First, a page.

One incarnation of the popular “Lazy College Senior” meme reads, “Read pages 40‒79 for homework. Sweet, no homework.” It’s meant to be humorous, but it has some truth to it. The value of our reading assignments is often lost on many of us, especially those juggling so many things throughout the school year.
Earlier this year, U of T’s Maja Djikic, along with colleagues Keith Oatley and Mihnea C. Moldoveanu, published an article in the Creativity Research Journal. An experiment with 100 participants from U of T found that readers of fiction are more open-minded—they have less of a “need to reach a quick conclusion […] and an aversion to ambiguity”. (English students might be pleased to know that they compare favourably to readers of non-fiction.) More generally, several studies have demonstrated the benefits of reading, finding that reading can better our memory and verbal skills.
Even aside from the psychological benefits, professors frequently remind us about the importance of completing our reading assignments. But somehow it all still stays in the back of our minds, out of the realm of practical action.
“I would say that I very seldom complete my readings, if I even start them,” one upper-year student admits. And this response is not uncommon.
David Francis Taylor, a professor of 18th-century literature at UTM, finds that “more often than not, the class just doesn’t complete their readings, especially if it’s a long one”.
And it’s not difficult for professors to figure out when we haven’t done them.
“There are certain tell-tale signs that you see when people haven’t done the reading,” says Taylor. “I’ve found when I ask questions, there’s a wall of silence; that’s when you know very few people in the class have completed the reading.”
“There are other really obvious signs,” jokes Professor Chester Scoville, who has taught at UTM since 2004. “If someone turns in a test, and they’ve spelled the author’s name wrong, that’s usually a good sign they haven’t done the reading.”
To be fair, more often than not, students don’t have the time to finish all their readings unless school is their sole occupation.
“Among myself and classmates, there always tends to be one assigned reading that you can’t get to,” says another senior UTM student. “Often, students will have to pick one throwaway and focus on the others.”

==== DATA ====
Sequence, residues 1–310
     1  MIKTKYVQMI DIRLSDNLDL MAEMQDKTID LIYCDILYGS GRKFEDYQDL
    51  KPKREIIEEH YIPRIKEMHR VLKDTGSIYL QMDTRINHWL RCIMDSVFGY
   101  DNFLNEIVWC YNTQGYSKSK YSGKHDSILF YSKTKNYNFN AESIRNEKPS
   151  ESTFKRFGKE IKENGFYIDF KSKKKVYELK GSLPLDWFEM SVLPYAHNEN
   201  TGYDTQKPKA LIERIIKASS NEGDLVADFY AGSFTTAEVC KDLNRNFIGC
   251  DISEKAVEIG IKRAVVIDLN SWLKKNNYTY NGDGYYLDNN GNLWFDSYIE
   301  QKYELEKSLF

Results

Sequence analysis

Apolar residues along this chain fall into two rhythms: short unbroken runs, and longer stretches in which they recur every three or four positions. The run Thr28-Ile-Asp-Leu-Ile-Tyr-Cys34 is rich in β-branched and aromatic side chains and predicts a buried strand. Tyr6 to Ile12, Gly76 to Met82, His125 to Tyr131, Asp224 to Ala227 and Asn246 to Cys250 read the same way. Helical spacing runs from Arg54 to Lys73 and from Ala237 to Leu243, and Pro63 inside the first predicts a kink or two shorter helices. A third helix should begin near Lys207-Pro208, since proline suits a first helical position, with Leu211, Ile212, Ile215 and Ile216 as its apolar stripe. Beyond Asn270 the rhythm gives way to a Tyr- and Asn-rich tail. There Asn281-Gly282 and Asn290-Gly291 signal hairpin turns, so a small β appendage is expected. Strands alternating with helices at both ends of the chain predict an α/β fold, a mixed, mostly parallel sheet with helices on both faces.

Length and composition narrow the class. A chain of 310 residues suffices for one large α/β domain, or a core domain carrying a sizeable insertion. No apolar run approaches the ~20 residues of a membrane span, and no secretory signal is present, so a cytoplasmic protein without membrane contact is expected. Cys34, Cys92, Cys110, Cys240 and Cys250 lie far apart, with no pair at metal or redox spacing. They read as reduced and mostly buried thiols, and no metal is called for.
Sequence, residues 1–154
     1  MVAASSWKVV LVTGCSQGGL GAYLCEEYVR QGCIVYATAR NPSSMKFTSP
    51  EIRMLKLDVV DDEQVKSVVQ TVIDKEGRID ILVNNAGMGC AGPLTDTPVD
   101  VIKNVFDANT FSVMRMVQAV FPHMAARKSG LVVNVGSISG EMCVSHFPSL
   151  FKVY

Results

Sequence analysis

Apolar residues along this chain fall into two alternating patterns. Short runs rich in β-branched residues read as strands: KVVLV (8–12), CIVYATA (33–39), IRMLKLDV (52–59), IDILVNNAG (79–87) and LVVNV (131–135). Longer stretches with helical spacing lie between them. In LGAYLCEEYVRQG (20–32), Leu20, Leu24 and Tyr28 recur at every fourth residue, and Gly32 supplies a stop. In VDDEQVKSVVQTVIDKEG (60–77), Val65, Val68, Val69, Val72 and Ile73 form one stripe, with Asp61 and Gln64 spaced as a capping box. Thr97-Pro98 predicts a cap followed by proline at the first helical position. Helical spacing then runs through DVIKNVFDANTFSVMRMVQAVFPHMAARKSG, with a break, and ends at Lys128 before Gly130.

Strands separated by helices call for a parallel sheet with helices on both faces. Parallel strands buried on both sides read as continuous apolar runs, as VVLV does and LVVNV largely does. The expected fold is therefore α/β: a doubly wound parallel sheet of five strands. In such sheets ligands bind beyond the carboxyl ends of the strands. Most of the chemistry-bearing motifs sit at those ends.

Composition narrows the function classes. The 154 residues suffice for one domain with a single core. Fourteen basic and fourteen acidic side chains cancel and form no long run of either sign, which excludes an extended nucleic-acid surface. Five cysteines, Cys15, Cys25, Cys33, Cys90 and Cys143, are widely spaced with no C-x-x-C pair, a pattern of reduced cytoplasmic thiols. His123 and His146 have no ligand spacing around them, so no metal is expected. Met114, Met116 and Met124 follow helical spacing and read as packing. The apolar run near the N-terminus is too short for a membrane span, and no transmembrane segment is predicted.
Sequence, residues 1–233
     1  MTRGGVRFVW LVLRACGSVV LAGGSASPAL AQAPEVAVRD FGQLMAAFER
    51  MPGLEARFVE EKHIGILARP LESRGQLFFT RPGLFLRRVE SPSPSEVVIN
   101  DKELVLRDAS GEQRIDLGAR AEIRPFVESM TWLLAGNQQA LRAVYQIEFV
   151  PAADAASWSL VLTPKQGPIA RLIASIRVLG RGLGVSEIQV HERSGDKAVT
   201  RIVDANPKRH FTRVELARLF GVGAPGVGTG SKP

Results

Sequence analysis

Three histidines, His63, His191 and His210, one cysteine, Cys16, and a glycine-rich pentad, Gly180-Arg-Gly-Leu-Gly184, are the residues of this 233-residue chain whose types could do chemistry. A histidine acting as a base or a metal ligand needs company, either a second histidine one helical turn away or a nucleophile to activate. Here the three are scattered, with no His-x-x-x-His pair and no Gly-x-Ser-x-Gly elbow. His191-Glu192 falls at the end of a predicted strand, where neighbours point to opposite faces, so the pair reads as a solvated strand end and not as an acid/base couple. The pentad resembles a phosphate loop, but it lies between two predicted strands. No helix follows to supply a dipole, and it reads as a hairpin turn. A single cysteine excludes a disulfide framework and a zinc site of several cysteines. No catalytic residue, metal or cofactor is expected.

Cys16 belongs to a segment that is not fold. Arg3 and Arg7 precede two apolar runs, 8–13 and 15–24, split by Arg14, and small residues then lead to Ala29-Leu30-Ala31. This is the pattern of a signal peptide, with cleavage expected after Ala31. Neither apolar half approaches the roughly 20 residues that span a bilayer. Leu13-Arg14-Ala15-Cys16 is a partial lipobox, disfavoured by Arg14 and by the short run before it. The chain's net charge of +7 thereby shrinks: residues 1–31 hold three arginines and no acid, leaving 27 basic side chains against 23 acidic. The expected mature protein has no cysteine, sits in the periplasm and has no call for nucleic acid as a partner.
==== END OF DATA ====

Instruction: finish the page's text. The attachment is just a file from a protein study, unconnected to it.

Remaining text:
Incomplete readings rarely lead to an immediate penalty.
“As long as I do most of the readings in a class and really focus on a handful of them, my grades don’t suffer,” says one student.
Another says, “If I’d read everything, I could’ve done slightly better, but I don’t think there would’ve been a drastic increase [in grades].”
But psychological shifts are also commonly blamed. Taylor attributes a significant portion of the slacking to the stunted attention spans our generation has, in popular opinion, developed as a result of the bite-size format of the social media we spend so much time using.
“The current generation is digesting a lot of information very quickly, and they’re used to digesting that information in bite-sized chunks. When they’re being asked to engage in a text where more attention is needed, like a 400-page novel, they struggle,” says Taylor.
Taylor’s opinion is consistent with the results of a study carried out at the University of Georgia. A survey held among journalism students revealed that students in the program did not read newspapers, magazines, or any other print media for their information. Instead, they received their news through TV and radio.
But professors do recognize the practical obstacles. “There are lots of things students have on their plate. It’s as simple as that,” Scoville acknowledges.
Unavoidable or not, failing to do the readings can have negative consequences later.
“The world beyond university is less forgiving,” warns Taylor. “When you have a job, and someone hands you a 200-page document, and says ‘I need you to read this by Friday,’ and it’s Wednesday, there will be no one to make sure you do it. If you don’t do that reading, then you won’t be doing your job.”
“You need to put your work in,” he adds. “In a math course, you need to complete a series of equations; in an English course, reading those 60 pages is an absolute requirement. Some of that is about self-discipline and maturity.”
In some disciplines, you can find professors who answer the inevitable first-class question, “Do we really need to buy the textbook or are lecture slides enough?” with a hesitant, “Well…” Other professors, particularly in English, spend a few minutes at the beginning of every new class stressing the importance of reading. In the end, though, repetition will never go as far as changing tactics.
“One of the best ways to complete the readings is to slow down a bit,” Scoville advises. “There are better ways to read than to try and plow through in a big hurry. […] It’s often a good idea to flip through, read some bits here and there, then go back and start reading with attentiveness.”
Having a professor who expects you to read 80 pages before next class can be stressful. Of course, the stress of attempting to read those pages the day before the exam is much worse. In the end, there are stronger motivations besides grades or even moralizing about really learning something in a course. Preparing ourselves now is the only way to be ready for the challenges we’ll face. Look at it this way: once we’re stuck reading reports in our 9‒5 jobs, Huck Finn will seem like a cakewalk.